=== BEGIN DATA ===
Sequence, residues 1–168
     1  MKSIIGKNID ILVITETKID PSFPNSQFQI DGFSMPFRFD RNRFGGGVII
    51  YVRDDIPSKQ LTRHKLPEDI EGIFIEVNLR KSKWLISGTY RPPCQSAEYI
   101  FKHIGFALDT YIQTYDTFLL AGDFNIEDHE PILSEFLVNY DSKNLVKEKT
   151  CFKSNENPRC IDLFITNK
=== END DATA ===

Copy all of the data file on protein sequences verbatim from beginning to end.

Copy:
Sequence, residues 1–168
     1  MKSIIGKNID ILVITETKID PSFPNSQFQI DGFSMPFRFD RNRFGGGVII
    51  YVRDDIPSKQ LTRHKLPEDI EGIFIEVNLR KSKWLISGTY RPPCQSAEYI
   101  FKHIGFALDT YIQTYDTFLL AGDFNIEDHE PILSEFLVNY DSKNLVKEKT
   151  CFKSNENPRC IDLFITNK